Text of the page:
Disclaimer: This article mentions https://terra-cotta.ai/, an LLM experimentation platform I am building


ChatGPT, Bard, and other large language models (LLMs) are very useful for a wide variety of tasks from writing code to answering complex questions to aiding with education. However, these models are ultimately limited by the data that they are trained on. Also, these models are trained to be able to answer a wide variety of questions which may not be sufficient for domain-specific questions. Fine-tuning is essential in order to make these models accurately answer domain-specific questions and be useful for difficult tasks. Furthermore, fine-tuning may be cheaper for inference.

Fine-tuning is the process of training an LLM on your own custom data. The fine-tuning process begins with a generic LLM that is pretrained on a large amount of text data. Fine tuning updates the generic model’s parameters or weights by using a smaller dataset for a target task.

One example of a task where fine-tuning is necessary is getting a medical diagnosis from raw medical records, such as electronic health records or medical imaging reports. ChatGPT is unlikely to perform this task well since it lacks specialized knowledge in medical domains and direct experience with real medical cases. ChatGPT will usually generate a confident response to any query, but the response cannot always be trusted due to hallucinations, where the model returns incorrect information [1]. Hallucinations are common for difficult tasks. Fine-tuning a language model specifically on validated, trusted medical data is essential to ensure accurate and reliable results. A fine-tuned model would learn the domain-specific knowledge and likely be able to return accurate diagnoses for this task.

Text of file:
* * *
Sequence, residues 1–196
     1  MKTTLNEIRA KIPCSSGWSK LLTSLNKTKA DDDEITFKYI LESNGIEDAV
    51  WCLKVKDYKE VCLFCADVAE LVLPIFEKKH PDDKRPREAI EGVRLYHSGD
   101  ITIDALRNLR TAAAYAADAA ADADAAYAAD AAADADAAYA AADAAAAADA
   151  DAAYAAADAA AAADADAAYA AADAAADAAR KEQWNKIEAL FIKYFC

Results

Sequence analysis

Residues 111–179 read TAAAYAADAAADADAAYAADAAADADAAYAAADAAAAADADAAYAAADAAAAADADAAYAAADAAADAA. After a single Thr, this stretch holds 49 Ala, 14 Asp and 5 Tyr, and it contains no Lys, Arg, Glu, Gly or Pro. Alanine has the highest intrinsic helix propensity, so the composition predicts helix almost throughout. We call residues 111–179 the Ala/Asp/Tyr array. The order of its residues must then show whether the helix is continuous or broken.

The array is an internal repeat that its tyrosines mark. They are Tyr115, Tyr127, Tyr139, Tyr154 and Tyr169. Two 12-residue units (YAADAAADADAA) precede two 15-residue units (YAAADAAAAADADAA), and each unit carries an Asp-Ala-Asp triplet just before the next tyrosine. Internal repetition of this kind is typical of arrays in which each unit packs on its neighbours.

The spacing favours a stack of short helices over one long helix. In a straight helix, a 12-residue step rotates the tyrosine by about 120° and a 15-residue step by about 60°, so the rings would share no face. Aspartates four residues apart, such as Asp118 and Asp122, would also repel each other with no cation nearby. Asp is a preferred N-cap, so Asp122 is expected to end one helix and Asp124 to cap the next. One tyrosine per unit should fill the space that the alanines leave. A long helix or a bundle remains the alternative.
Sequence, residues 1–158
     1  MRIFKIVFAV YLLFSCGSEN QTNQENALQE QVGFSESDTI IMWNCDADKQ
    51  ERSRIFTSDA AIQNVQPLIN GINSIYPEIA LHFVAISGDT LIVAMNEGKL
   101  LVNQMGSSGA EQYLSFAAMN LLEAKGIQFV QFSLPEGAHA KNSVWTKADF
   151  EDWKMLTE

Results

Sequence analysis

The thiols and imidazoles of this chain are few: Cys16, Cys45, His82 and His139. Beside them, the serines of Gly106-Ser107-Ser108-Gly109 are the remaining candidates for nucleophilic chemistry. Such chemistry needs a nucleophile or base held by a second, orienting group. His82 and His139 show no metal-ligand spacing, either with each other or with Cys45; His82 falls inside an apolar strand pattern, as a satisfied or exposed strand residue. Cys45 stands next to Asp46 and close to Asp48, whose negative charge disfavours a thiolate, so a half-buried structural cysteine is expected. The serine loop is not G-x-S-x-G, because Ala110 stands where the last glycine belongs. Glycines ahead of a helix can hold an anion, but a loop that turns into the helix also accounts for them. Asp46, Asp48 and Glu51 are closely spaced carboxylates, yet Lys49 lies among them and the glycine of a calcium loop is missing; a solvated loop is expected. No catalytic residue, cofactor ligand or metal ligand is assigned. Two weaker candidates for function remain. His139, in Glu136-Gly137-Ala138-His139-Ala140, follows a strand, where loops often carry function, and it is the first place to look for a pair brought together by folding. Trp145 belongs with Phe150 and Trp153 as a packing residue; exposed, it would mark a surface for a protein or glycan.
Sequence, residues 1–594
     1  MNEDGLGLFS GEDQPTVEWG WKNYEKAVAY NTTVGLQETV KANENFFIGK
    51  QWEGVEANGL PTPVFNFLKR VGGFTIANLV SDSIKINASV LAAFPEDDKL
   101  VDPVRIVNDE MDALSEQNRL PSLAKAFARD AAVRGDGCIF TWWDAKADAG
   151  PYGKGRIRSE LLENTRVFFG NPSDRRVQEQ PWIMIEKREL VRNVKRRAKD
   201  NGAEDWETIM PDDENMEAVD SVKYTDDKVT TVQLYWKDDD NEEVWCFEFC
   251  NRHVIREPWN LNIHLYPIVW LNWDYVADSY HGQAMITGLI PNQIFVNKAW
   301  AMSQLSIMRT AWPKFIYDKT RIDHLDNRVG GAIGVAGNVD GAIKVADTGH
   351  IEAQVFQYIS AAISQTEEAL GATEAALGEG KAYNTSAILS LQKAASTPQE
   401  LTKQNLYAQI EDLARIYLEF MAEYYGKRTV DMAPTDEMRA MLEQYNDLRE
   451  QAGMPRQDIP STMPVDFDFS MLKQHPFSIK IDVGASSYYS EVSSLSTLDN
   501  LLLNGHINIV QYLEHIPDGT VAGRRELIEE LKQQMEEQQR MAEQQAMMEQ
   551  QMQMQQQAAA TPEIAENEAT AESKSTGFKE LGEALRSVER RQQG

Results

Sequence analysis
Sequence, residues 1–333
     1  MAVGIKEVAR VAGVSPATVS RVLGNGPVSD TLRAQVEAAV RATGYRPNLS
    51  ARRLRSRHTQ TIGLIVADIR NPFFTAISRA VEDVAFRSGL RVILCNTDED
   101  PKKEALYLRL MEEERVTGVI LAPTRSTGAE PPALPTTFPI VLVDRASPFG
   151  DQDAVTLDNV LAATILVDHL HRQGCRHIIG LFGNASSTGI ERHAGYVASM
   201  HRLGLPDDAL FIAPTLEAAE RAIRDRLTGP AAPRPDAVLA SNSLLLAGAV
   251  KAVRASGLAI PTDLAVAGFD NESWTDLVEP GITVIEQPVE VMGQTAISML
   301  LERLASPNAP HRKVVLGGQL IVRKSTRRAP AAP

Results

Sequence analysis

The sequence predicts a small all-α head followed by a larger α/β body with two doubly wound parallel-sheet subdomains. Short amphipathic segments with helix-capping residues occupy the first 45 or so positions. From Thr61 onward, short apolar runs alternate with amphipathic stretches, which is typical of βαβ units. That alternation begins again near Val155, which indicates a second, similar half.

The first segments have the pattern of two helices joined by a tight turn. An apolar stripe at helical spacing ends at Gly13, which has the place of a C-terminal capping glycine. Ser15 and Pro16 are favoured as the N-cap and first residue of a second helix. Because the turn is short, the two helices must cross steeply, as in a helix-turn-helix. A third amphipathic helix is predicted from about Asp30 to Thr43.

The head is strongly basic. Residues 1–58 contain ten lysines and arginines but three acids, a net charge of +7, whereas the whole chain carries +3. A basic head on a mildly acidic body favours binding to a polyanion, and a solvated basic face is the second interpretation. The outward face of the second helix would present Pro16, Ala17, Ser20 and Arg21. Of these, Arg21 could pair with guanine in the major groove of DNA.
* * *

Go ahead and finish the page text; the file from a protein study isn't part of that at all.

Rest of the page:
The idea of fine-tuning has a strong research pedigree. The approach can be traced back to 2018, when two influential papers were published. The first paper, “Improving Language Understanding by Generative Pre-Training” by Radford et al. [2] introduces the GPT model that is now used in ChatGPT. GPT used self-supervised learning to train an LLM on a large amount of unlabeled data. In the paper, the authors show that their GPT model could achieve state-of-the-art results on multiple tasks by fine-tuning their model on specific datasets. Similarly, “BERT: Pre-training of Deep Bidirectional Transformers for Language Understanding” by Devlin et al. [3] introduced BERT, a novel transformer model and showed the ability for it to be fine-tuned and achieve state-of-the-art performance on multiple tasks after fine-tuning. The image below shows how BERT can be fine-tuned on specific tasks such as SQuAD.

Image from BERT paper [3] Image from BERT paper [3]

Fine-tuning vs. prompting

Fine-tuning and prompting are two ways to solve tasks with LLMs. Fine-tuning adapts an LLM with a dataset by updating the model’s parameters. On the other hand, prompting refers to a user inputting specific instructions or text as prompts into a generalized (not fine-tuned) LLM to guide the model’s response. One-shot and few-shot prompting are examples of prompting techniques. In the image below, we can see how zero-shot, one-shot, and few-shot prompting compare to fine-tuning. Note that the prompts for the prompting examples are longer than the fine-tuning prompt.

Image from GPT-3 paper [4] Image from GPT-3 paper [4]